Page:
Tuesday, November 22, 2011

A Take-Home Message from the NWP Annual Meeting in Chicago

This year's NWP Annual Meeting was well-attended--a full house--and while the mood was kind of dim at times, there was also a hint of hopefulness in the air, as we were reminded of the power of the national network and of our collective voices. Some Writing Project sites around the country have already been closed--most shockingly the site at Florida State University--now that the core grant has dried up. Those were sad stories for sure. But, other sites--like one in Mississippi--are getting tons of work with schools and districts and are thriving. Despite the grim national economic landscape of funding for literacy and teacher development, Dina, Susan, and I were validated in many ways at the conference in terms of the steps we are taking at our site to plan for the future. Here's a recap of how far we've come since April...

Since learning last spring that our federal funding had been eliminated and that we were facing a future with no core grant from the NWP, we've made several proactive and productive moves to "shore up" our site for the long haul. We are certainly not done with this work, but some of our accomplishments include:

1. Meetings with both State Senators and Congressmen--in DC and in RI--to discuss the work of the RIWP and the need for federal funding of literacy and teacher development programs.

2. A 2-day Leadership Institute in June, bringing together Board members and stakeholders to discuss our mission & values, our strengths as a site, our 1 and 5-year vision, and our organizational structure.

3. Regular meetings with RIC's Vice President for Academic Affairs, reporting on our work, our strategies for fundraising, our research, and our connection to the College.

4. Increasing our visibility on the RIC campus as well as our connection to the Writing Program at the College.

5. Moving our organization to a shared leadership model, where in addition to the Executive Director and Co-Directors, we also have teams assigned to specific projects: Development team, Inservice team, Spring Conference team, Summer Institute team, Young Writers team.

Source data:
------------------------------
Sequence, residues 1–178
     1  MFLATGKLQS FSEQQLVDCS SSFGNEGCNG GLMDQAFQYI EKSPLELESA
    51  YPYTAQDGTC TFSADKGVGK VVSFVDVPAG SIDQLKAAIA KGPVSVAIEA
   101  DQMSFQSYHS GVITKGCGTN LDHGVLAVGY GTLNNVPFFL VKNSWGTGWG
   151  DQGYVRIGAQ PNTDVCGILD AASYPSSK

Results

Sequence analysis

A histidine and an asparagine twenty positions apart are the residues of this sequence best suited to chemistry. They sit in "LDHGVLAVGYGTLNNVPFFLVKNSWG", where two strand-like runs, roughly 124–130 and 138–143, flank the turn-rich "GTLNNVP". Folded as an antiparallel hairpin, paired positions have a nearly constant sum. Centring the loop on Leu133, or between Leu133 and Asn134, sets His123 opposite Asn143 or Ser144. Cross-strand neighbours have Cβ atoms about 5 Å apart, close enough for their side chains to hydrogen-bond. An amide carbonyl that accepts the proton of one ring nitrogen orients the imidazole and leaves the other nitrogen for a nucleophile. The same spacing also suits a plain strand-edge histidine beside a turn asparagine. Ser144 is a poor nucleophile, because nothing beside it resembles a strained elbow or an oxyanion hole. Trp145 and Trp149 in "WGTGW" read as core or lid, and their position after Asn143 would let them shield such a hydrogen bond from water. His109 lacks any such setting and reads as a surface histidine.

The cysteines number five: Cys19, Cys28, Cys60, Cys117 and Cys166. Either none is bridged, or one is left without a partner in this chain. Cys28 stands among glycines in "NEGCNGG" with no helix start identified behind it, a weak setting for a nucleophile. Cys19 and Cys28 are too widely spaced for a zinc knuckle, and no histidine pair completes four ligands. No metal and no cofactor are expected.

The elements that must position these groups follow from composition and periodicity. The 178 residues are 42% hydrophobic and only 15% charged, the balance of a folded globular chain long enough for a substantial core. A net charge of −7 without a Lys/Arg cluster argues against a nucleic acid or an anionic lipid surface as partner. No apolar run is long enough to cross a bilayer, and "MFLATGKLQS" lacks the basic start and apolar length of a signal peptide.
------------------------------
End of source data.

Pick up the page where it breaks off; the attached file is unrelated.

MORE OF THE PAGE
6. Cultivating a nationally-known keynote speaker for our Spring Conference, giving the conference a theme for the first time--Literacy and the Common Core--and developing an organized peer review system for reviewing conference proposals.

7. Running the third successful session of the Rhodes Elementary Afterschool Program creative writing class in Cranston.

We've certainly accomplished much more than this, but those are some highlights to let you know that we are working hard to keep our organization and our network strong and viable. At the Annual Meeting, Dina, Susan and I felt affirmed in these accomplishments; we also developed some ideas for our site, based on things that other sites around the country are doing.

As I sign off to go prepare for a Thanksgiving celebration with my family, I feel hopeful about the future of the RIWP. We have a strong Executive Board with dedicated members; we have support from our College and its Administration; we have good strategies for moving forward; and we have a vast state network of teachers who believe that the Writing Project is the best professional development they have ever had.

Happy Thanksgiving to you and yours.

Monday, October 31, 2011

Digital Reading and Writing